Matthew Cordle, whose video confession to killing a man in a drunken-driving crash generated international attention, never expected this. He never expected the dramatic video, produced by the founder of an obscure website, to go viral and generate millions of hits and debate about his motives. He never expected the crush of cameras and reporters that swamped him and his lawyers as a deputy sheriff cuffed him and took him to jail yesterday.
Matthew Cordle, whose video confession to killing a man in a drunken-driving crash generated international attention, never expected this.
He never expected the dramatic video, produced by the founder of an obscure website, to go viral and generate millions of hits and debate about his motives.
He never expected the crush of cameras and reporters that swamped him and his lawyers as a deputy sheriff cuffed him and took him to jail yesterday.
He always expected one thing, however, and still does — to keep the promise in his video to plead guilty and accept “full responsibility” for killing a man.
Watch the YouTube confession here
Cordle, 22, was indicted yesterday by a Franklin County grand jury. He is accused of driving the wrong way while drunk and causing the death of Vincent Canzani, 61, of Gahanna, in a crash on I-670 near 3rd Street on June 22.
His lawyers said the Powell man was “at peace with his decision” as he surrendered on charges of aggravated vehicular homicide and driving while intoxicated. Cordle faces 2 to 8 1/2 years in prison.
Franklin County Prosecutor Ron O’Brien said Cordle is not “a professional actor” and was sincere in hopes that his video confession would keep others from drinking and driving. Still, O’Brien said he will seek the maximum sentence.
Cordle’s lawyers said he is prepared for such a sentence, but that they still pray the depth of his public remorse sways a judge to impose a shorter sentence.
“A heavy-handed sentence could send the wrong message that accepting responsibility is the wrong thing to do,” said Martin Midian, a Columbus lawyer who represents Cordle.
Cordle has no felony record and no prior DUI arrests. His blood-alcohol level was measured at 0.19 percent following the crash, more than twice the 0.08 percent level at which a motorist is presumed drunk in Ohio.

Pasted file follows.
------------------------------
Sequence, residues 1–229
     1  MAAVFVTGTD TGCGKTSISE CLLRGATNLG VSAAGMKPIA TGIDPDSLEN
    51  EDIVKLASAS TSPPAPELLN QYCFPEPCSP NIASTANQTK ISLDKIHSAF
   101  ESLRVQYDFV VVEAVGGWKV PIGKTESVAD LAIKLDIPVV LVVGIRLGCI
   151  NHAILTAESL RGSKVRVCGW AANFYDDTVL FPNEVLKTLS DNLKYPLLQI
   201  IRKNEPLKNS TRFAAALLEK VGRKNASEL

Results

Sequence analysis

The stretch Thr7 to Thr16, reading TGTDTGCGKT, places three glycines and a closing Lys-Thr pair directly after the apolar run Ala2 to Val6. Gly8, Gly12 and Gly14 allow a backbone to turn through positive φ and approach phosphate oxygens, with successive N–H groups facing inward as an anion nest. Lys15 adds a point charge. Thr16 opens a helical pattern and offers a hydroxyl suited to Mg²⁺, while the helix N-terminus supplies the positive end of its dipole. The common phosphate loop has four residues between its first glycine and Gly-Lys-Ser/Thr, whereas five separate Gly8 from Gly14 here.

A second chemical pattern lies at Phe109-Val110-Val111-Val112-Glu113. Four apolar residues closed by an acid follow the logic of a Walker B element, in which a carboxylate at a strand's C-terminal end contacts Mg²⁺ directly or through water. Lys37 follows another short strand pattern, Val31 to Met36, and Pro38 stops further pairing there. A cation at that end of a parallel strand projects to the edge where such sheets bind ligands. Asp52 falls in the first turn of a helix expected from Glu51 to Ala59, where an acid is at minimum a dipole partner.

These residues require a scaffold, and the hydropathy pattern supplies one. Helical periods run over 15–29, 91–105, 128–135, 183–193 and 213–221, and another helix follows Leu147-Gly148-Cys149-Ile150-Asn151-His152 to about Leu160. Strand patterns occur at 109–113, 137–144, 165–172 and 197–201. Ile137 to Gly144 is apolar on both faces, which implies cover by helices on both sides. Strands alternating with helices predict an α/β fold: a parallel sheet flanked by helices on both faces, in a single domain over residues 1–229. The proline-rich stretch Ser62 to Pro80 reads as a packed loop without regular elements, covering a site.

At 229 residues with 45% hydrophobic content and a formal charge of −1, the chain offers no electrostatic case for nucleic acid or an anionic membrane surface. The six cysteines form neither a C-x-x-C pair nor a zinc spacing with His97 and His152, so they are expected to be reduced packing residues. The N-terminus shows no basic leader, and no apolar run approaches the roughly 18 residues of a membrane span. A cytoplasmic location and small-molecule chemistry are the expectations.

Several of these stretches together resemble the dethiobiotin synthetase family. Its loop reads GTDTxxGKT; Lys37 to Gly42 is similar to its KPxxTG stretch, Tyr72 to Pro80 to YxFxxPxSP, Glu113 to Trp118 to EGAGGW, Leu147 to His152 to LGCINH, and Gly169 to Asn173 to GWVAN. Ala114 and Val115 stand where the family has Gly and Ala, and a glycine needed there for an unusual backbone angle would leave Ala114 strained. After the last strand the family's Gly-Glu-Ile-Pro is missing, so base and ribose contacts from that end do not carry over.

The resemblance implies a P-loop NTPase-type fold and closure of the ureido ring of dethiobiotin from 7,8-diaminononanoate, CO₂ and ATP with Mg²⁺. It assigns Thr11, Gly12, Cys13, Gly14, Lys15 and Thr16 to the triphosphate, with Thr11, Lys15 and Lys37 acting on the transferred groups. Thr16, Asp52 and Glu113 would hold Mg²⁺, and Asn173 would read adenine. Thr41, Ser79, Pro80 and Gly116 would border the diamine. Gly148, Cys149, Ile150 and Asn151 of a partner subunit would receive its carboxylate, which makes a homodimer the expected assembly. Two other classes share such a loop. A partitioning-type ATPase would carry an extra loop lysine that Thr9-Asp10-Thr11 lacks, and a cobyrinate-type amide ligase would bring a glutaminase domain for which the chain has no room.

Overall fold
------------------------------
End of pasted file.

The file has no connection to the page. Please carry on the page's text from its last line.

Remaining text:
He was scheduled to be arraigned today in Franklin County Common Pleas Court, but Judge Julie Lynch postponed the hearing until Wednesday.
Lynch said she was told that Cordle was prepared to enter a guilty plea and, when he did not, postponed his arraignment.
She said prosecutors were seeking a maximum prison sentence, while Cordle's defense lawyers wanted "half," or about four years. Lynch said she was willing to impose less than a maximum sentence if Cordle was truly remorseful.
Cordle's failure to plead guilty "calls into question the validity of being so forthcoming in his YouTube video" about his plans to plead guilty, the judge said.
However, Cordle's lawyers said yesterday, and repeated today, that their plan was to plead not guilty before Lynch, so the case would be assigned a trial judge at random, and then quickly enter a guilty plea before that judge.
His lawyers said he still intends to plead guilty and is expected to learn his sentence about a month after entering the plea.
Cordle’s attorneys yesterday said the video was no plea for leniency.
“He wanted to own up to the promises he made in the video,” said George Breitmayer III, who also represents Cordle. “He didn’t do this for any other purpose but to raise awareness about drunken driving and get some closure for the victim’s family.”
Absent his video, Cordle’s attorneys said his case would have generated little more than brief coverage in The Dispatch and on local TV news. No one, including Cordle, expected the explosion of attention, they said.
In his online confession, Cordle admitted to “blackout” drinking and then driving the wrong way on I-670, striking Canzani’s vehicle. He said he would not dishonor Canzani’s memory by doing anything other than pleading guilty.
He begged viewers of the video to learn from his mistake and not drink and drive. The video confession, posted online last Tuesday, was featured on major websites and national TV news broadcasts.
Alex Sheen, a Cleveland-area man and founder of becauseisaidiwould.com, produced the video after Cordle reached out to him in a bid to warn others not to drink and drive.
The YouTube version of Cordle’s confession — “I killed a man” — had 1.25 million views as of yesterday.